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Mercer Faculty Provides Hands-On Learning for Boys and Girls Club at Teen STEM Conference

11/27/18


Classroom ready for STEM Learning!

The Conference provided students with workspaces that introduced them to topics in STEM.

West Windsor, N.J.– Supporting the idea that it’s never too early to get involved in science, faculty and staff members from Mercer County Community College (MCCC) joined the Boys and Girls Club of Mercer County to host the 2018 Teen STEM Conference at the Mercer Conference Center. Approximately 150 students visited the campus to take part in the day-long conference on Nov. 8, which included a series of workshops, a resource hour and a panel presentation.

Mercer’s participating STEM faculty included Laura Blinderman (Biology), Lisa Shave (Medical Laboratory Technology), and Terry Voldase (Business and Technology). Lisa Bogdziewicz from the College’s Outreach, Recruitment and Admissions Department handled the resource table that provided information on academic majors, admissions, and financial aid. They were joined by a representative from Novo Nordisk in Princeton as well as a physics Ph.D. student from Princeton University for the panel presentation.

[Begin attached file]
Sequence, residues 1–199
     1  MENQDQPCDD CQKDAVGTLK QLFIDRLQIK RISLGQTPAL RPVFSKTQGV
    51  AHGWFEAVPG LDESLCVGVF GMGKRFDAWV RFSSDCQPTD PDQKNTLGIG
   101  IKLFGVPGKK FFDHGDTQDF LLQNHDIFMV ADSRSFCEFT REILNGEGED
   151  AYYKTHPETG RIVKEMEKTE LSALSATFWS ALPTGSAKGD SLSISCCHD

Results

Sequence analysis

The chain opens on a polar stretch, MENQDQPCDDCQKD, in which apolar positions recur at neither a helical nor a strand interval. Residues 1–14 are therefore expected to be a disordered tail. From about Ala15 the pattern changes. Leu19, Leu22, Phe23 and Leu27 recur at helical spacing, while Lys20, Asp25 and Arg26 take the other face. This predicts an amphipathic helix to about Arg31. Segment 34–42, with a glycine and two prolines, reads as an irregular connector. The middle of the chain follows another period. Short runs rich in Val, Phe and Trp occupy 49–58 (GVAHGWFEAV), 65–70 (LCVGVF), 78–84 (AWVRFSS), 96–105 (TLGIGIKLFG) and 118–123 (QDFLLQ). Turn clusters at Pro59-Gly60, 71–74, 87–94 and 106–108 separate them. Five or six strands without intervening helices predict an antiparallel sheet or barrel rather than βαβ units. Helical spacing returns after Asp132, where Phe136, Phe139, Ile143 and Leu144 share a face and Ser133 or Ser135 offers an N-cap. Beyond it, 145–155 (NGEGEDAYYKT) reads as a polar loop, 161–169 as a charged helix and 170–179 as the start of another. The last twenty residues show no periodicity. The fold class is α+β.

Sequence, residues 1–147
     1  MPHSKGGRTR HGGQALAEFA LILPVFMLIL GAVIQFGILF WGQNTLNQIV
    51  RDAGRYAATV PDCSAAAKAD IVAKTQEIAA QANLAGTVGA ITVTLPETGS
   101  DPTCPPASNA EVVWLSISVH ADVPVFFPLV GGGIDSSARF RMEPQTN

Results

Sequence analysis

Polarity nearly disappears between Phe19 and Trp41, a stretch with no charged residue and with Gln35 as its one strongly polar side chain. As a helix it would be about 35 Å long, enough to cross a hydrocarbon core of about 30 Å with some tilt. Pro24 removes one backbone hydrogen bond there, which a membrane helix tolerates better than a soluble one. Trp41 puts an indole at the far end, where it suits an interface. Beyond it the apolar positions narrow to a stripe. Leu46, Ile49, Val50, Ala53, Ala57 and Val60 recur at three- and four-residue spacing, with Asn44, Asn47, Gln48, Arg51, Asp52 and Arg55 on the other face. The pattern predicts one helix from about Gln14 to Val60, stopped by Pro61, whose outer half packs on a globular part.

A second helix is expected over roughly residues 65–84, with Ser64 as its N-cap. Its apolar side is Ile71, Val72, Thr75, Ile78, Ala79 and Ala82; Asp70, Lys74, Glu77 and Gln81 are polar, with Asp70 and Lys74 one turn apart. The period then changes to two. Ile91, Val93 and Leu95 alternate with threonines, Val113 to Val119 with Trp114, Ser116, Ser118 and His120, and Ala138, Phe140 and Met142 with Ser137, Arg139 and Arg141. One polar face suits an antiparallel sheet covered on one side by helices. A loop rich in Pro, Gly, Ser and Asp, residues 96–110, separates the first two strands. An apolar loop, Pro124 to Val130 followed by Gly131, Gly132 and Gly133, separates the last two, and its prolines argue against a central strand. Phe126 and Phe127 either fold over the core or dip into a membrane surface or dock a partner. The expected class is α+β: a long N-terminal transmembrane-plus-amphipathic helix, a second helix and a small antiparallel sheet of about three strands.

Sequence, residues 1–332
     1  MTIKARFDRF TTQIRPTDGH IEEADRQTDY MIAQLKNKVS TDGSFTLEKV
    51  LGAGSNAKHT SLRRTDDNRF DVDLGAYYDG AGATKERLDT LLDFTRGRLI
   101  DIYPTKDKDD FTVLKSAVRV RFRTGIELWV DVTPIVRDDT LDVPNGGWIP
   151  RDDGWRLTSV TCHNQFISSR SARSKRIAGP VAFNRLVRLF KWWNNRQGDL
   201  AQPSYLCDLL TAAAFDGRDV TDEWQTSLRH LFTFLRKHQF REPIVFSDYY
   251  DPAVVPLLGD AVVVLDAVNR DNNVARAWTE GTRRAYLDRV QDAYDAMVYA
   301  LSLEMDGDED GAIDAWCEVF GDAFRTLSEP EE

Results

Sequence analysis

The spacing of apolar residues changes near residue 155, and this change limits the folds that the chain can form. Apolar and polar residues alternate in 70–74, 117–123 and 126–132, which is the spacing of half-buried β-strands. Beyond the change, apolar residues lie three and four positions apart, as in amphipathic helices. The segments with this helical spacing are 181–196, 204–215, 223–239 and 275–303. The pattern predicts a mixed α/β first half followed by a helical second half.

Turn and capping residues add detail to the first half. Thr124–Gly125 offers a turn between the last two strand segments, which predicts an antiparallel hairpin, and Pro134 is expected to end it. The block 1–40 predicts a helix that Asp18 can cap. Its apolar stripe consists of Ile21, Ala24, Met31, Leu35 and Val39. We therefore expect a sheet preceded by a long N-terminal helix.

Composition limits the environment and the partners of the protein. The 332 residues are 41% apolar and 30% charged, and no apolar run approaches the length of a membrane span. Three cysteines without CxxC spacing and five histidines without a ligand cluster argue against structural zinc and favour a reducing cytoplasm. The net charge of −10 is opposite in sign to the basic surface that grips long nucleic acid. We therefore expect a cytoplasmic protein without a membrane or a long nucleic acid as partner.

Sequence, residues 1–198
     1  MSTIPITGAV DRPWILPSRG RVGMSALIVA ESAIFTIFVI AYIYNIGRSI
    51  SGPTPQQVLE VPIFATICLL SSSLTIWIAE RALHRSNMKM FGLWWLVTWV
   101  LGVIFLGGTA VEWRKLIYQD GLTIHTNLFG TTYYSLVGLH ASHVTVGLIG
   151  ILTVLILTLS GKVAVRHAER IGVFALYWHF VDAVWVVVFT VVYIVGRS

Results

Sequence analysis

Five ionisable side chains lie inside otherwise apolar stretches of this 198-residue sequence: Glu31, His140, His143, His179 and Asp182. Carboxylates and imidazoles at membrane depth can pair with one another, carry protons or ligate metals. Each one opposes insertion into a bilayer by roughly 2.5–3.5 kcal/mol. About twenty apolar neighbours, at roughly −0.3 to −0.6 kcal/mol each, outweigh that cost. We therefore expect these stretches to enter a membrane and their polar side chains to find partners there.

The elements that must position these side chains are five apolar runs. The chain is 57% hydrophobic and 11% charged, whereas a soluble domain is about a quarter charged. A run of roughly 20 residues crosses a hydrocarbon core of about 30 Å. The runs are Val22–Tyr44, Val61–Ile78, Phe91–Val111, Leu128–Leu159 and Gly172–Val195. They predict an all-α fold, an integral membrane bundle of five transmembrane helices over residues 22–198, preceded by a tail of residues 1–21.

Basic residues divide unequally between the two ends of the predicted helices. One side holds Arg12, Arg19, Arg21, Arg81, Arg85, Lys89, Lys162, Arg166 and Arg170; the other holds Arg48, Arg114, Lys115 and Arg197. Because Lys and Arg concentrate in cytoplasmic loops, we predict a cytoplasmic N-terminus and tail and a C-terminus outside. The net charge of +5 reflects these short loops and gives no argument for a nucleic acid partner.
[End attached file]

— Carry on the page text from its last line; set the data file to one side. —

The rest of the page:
First on the agenda were two workshops developed and led by MCCC faculty. Shave ran the workshop entitled “The Diagnostics Detectives: Medical Laboratory Science,” while Voldase directed “Coding for Animations & Game Design.”

Shave’s seminar introduced the teens to concepts such as phlebotomy, urinalysis, clinical hematology, immunohematology (blood banking), microbiology and chemistry. Students partook in hands-on demonstrations that explored how to use lab equipment and activities related to modeling cells of the body, observing microscopic bacteria, pipetting, and diagnosis within the discipline

Voldase then took the students through the basics of computer programming using Alice, a block-based programming environment developed at Carnegie Melon University. “Alice was created with students in mind,” Voldase said. “The program streamlines creating animation, building interactive narratives, and even programming simple games in as little as 30 minutes.”

Blinderman added that the students, who ranged in age between sixth and 11th graders, ended the day eager to ask Mercer’s faculty and staff questions. “The students asked about working in STEM fields, as well as broader topics like dealing with procrastination and deciding on a career path at a young age.”

For Blinderman, the event was a complete success and has her enthusiastically awaiting the program’s continuation in 2019. “The students showed such initiative and excitement to be involved in STEM. I am already looking forward to next year.”

B-STEM Division Information

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